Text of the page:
You can maybe detect a bad mount by observing how much shifter movement there is.  Maybe.  Or by watching the engine to see if it jumps a lot while someone clutches it in low gear with the emergency brake on.  But the surest way is to check it by direct observation.  A picture is worth a thousand words.  And here's the thousand words (more or less):

Jack up the right front side of the car and put it on a jack stand.  

Remove the right front wheel.  

Remove the front fender inner liner (instructions).

Notice the front mount on your right as you look into the wheel well.  Now you can slowly pry up on the front of the engine or under the oil pan, prying against the frame(*). If the mount is bad, you'll see the stud and center of the rubber mount lift right up out of the rest of the mount.  If good, the mount will stretch until the limit washer contacts the stop tab (although it's probably a bad idea to stretch the mount to its limit).  If the mount isn't separated, check the rubber for cracks as you stretch it through about half its travel.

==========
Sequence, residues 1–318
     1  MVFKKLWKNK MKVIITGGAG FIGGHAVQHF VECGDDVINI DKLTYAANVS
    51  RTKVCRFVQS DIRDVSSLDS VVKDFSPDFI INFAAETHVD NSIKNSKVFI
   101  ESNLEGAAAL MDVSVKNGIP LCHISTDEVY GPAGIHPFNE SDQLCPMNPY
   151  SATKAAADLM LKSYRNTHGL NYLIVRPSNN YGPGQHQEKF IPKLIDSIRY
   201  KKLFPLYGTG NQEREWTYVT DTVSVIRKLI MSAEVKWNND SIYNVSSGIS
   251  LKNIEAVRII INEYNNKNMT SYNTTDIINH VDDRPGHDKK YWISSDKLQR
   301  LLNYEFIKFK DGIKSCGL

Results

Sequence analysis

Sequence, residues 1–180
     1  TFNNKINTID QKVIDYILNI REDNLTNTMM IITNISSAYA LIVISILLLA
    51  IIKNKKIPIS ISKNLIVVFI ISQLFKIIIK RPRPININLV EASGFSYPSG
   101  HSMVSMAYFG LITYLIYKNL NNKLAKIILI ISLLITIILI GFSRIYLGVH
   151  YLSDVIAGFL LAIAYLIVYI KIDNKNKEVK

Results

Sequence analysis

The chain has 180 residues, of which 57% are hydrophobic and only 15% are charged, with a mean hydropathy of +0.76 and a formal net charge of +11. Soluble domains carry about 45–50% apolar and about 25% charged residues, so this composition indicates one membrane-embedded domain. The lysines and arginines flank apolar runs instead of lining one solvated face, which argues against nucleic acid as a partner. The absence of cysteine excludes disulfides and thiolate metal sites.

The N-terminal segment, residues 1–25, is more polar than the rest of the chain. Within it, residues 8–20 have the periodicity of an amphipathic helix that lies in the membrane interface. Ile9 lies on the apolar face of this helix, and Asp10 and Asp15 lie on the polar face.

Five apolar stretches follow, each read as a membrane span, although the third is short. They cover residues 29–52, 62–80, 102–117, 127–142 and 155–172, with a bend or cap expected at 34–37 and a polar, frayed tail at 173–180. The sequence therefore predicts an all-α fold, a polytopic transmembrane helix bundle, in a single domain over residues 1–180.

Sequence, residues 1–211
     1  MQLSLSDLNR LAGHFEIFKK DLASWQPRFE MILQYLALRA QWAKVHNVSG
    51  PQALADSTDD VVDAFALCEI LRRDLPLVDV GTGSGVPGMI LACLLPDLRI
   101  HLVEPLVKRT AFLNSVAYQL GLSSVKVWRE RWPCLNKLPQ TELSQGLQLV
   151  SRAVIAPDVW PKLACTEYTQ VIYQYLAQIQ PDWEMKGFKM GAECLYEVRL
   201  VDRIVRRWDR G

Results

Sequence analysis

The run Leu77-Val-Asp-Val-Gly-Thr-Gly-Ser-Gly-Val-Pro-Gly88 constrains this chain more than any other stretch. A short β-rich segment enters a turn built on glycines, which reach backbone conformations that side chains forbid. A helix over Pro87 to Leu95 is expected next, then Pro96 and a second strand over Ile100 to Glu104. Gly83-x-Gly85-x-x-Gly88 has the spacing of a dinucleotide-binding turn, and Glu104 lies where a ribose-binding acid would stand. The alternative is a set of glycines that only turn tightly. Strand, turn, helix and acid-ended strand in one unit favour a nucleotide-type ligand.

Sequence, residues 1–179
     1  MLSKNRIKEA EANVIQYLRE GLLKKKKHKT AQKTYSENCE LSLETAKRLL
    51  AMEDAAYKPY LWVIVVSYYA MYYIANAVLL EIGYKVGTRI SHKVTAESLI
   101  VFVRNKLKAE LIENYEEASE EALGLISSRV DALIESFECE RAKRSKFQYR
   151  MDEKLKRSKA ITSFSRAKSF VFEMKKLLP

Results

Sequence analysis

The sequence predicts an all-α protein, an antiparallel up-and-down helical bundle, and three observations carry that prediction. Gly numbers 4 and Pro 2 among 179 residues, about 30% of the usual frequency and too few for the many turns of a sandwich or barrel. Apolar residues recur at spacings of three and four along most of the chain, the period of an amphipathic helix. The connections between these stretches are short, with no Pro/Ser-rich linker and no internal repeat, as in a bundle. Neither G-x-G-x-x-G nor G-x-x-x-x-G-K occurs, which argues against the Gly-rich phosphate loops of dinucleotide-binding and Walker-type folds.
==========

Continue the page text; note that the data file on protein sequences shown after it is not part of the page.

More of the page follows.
If there's any oil on the mount, clean it thoroughly and find and correct the source of the leak; motor oil and various fluids will attack the rubber and cause it to deteriorate.

(*) A 1/2" breaker bar works great for this, and it makes a great lug nut wrench - lots of leverage - when fitted with a 19mm socket.